About This Blog

Ludwig von Mises (1881-1973) was the greatest economist of my time. His greatest works can be accessed here at no charge.

Mises believed that property, freedom and peace are and should be the hallmarks of a satisfying and prosperous society. I agree. Mises proved beyond a shadow of a doubt that the prospect for general and individual prosperity is maximized, indeed, is only possible, if the principle of private property reigns supreme. What's yours is yours. What's mine is mine. When the line between yours and mine is smudged, the door to conflict opens. Without freedom (individual liberty of action) the principle of private property is neutered and the free market, which is the child of property and freedom and the mother of prosperity and satisfaction, cannot exist. Peace is the goal of a prosperous and satisfying society of free individuals, not peace which is purchased by submission to the enemies of property and freedom, but peace which results from the unyielding defense of these principles against all who challenge them.

In this blog I measure American society against the metrics of property, freedom and peace.

Saturday, January 14, 2012

The Future Of The "Republican" Party

Nobody — I mean nobody — knows what is going on in the heads of “Republicans.” I think this is true mainly because nobody truly knows what a “Republican” is nowadays.

There is a base of party people, the ones who run the offices, the websites, fund raise and throw corn roasts. These are the McCain people who are now Romney people. Beyond that base, nobody knows.

We may be witnessing a re-make of the “Republican” party. I recently changed my registration from
Independent to Republican. Tea Partiers who are Constitutionalists and small government individuals may be supplanting the Religious Right as the most politically powerful faction of the party. We’ll see more about this in South Carolina and Florida.

I don’t believe that these two factions — the Religious Right and the Tea Partiers — are necessarily mutually exclusive. I think the number of single issue voters in the party is dwindling. A lot of the animosity between backers of particular candidates stems from fear based on mistaken impressions and media bias. If Ron Paul wins the nomination I think people will come to learn that charges against him of racism and homophobia are unfounded. They will also learn that he is not the Lindbergh isolationist he is made out to be, although he is definitely not an interventionist. He will defend the country vigorously against all enemies foreign and domestic, “defend” being the operative word. They will find he is anti-abortion and pro-family, but not dictatorial about it.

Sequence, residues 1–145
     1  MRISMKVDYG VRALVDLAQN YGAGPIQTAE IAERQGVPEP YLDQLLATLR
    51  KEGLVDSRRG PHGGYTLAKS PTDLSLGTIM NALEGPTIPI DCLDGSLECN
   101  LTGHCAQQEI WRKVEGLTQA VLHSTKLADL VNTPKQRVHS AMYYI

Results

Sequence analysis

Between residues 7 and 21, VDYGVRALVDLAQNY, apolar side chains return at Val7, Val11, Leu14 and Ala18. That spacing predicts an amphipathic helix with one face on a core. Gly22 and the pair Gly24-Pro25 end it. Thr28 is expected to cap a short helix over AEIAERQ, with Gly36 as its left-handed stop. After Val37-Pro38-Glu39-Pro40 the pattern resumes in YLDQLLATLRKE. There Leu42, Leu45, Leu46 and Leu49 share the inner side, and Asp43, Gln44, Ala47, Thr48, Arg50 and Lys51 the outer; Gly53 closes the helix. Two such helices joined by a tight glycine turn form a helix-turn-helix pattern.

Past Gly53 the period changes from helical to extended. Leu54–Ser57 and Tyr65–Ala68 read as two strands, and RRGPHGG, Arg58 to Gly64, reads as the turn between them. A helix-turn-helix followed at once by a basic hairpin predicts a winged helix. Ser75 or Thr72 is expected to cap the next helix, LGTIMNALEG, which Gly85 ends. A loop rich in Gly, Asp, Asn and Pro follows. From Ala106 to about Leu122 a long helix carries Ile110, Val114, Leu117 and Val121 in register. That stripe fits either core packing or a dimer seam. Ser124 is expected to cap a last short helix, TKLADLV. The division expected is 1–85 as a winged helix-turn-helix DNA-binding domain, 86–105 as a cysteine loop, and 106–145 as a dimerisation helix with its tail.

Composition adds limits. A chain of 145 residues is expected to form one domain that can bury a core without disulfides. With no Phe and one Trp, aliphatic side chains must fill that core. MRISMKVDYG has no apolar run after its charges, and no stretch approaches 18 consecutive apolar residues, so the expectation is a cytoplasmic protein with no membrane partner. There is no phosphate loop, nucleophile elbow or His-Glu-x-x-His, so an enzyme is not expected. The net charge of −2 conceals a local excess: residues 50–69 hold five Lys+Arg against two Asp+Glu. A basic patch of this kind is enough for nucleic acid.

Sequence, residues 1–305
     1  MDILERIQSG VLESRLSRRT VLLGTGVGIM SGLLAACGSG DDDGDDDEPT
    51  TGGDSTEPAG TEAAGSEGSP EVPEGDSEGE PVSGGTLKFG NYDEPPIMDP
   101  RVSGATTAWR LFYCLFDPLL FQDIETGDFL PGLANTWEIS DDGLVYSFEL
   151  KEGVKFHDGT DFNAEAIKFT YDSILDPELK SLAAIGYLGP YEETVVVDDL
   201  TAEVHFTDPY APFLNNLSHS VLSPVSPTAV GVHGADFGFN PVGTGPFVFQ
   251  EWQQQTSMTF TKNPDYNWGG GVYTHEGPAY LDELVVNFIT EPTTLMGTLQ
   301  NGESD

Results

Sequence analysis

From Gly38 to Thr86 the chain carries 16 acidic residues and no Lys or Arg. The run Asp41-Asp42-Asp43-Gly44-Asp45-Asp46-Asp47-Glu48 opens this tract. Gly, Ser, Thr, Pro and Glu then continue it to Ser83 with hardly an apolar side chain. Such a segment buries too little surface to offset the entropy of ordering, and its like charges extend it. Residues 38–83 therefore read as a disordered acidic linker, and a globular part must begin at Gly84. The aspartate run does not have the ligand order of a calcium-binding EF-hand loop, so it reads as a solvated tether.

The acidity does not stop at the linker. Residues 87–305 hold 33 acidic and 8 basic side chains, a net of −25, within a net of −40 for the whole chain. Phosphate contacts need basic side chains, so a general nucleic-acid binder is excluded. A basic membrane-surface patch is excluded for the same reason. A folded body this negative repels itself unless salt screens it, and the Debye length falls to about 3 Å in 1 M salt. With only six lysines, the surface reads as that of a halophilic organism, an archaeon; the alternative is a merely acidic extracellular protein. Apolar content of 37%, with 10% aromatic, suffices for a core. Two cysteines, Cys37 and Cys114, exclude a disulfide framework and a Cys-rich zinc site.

In short, there is a “real” Ron Paul out there that people can come to know and accept. He’s not changed since the early days when he first came on the scene.

Romney is a different case. He will have a harder time uniting the party because there might not be a “real” Romney there for people to get to know. He says there is, but he’s said a lot of things over the years — many of them contradictory. Not so with Paul. Moreover, Paul’s general philosophy is accepting of diverse, but cooperative opinion. Pro-life individuals, gays, gun rights advocates and other traditionally single issue voters will not have anything to fear from a Paul administration. His position is to de-politicize and localize these issues, not federally mandate them. You cannot say the same about Romney.

A Romney nomination might mean the end of the Republican Party. Ironically, a Paul nomination might save the Party from collapse, although it’s power structure will be much different from the way it is now.

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